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  1. #1

    Default PTO universal disassembly


    I have a PTO shaft off of a 6' King Kutter bush hog. We are going to use this shaft on a potato digger but need to remove the slip clutch first. The clutch is stuck on very tight, we have heated it cherry red all the way around with a rosebud to little affect.

    We have tried hammering it off, and twisting it off with a 48" pipe wrench. nothing is really moving it quickly or far. Our next step is to try a gear puller on it, however to do this we need to break apart the universal on the end of the PTO shaft, I have already removed the snap rings but I'm unsure what the next step is. At first I thought I could punch it out but it's looking more and more like the two sides were pressed in?

    Anyone know how these things come apart, or have advice on how to better move the stuck clutch, yes it has been soaking in penetrating oil.


    Erik Fellenz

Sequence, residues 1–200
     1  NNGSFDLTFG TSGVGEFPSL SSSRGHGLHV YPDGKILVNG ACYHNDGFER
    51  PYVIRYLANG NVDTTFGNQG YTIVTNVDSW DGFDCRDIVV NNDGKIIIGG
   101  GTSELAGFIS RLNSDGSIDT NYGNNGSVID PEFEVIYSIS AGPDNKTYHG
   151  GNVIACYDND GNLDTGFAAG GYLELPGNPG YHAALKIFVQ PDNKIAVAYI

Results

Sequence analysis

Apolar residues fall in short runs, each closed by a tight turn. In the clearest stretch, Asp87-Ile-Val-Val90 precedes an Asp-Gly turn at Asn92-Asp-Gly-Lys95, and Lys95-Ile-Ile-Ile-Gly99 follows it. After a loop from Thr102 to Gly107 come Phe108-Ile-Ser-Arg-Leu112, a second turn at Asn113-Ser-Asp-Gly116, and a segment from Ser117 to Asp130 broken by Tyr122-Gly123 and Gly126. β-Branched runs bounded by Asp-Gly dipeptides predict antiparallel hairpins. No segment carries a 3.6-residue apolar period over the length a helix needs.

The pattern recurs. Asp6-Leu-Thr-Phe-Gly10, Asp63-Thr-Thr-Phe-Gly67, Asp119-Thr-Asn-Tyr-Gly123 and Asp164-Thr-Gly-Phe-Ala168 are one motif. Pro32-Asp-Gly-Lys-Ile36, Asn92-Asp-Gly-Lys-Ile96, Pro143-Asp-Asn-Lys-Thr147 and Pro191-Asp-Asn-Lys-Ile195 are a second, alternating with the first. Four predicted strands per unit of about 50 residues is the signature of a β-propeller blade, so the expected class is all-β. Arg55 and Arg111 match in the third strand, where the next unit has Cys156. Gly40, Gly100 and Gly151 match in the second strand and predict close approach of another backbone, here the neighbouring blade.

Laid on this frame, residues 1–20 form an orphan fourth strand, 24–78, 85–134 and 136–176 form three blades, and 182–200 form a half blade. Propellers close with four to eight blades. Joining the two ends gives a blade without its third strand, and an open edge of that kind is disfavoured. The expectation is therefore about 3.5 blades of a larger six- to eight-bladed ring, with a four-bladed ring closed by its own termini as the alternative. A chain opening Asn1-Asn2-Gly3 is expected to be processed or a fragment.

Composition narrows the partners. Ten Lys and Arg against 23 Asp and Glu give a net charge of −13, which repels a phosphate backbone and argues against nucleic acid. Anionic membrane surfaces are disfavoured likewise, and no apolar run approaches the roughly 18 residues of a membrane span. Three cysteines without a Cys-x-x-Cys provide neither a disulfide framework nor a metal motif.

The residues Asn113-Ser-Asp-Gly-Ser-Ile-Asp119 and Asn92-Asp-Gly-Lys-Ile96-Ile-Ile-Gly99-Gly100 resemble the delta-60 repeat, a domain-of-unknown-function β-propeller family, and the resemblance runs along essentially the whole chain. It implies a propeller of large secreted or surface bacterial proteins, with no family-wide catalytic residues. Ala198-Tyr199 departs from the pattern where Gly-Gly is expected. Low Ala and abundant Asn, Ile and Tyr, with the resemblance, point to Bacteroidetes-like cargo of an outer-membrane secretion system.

2. #2
    Silver Member
    Join Date
    Aug 2009
    Coosa County AL
    Kubota L5740-HSTC,CC/Y EX3200, 1950 8N

    Default Re: PTO universal disassembly

    Hydraulic shop press.

  3. #3
    Veteran Member
    Join Date
    Jul 2003
    Ford 960, 7700, TW20, 1720; IHC H, 300; Ollie S77

    Default Re: PTO universal disassembly

    Press is cool.

    Can do it with a vice and a hammer and work slowly - you don't want to smash the heck out of it, just tap it apart.

    You will end up with a handful of needle bearings, don't lose any. use stiff grease to hold the needles back in place for re assembly. Be prepared to pull apart again & put the fallen needle bearing back in place - btdt.

    A socket helps to squish things together with the vice.


  4. #4
    Veteran Member Runner's Avatar
    Join Date
    May 2007
    John Deere 2520, 1989 John Deere 185, 1960 Panzer T70B

    Default Re: PTO universal disassembly

    Whether using a vice or hydraulic press, having a large socket on the side the bearing is coming out and a small socket on the side doing the pressing works pretty well. By "large socket", I mean, large enough to allow the entire bearing cap assembly to fit into it as it is being pressed out. By "small socket", I mean large enough to fit over the bearing cap you are pressing on, but small enough to fit in the hole. Hope that makes some sense.

    Also, an "old Indian trick" taught me by a mechanic friend is to give a slight tap or series of taps on the side of the yoke as you are pressing with either the vice or press. This helps the bearing cap slide through and works well for either assembly or disassembly.

    Good luck.

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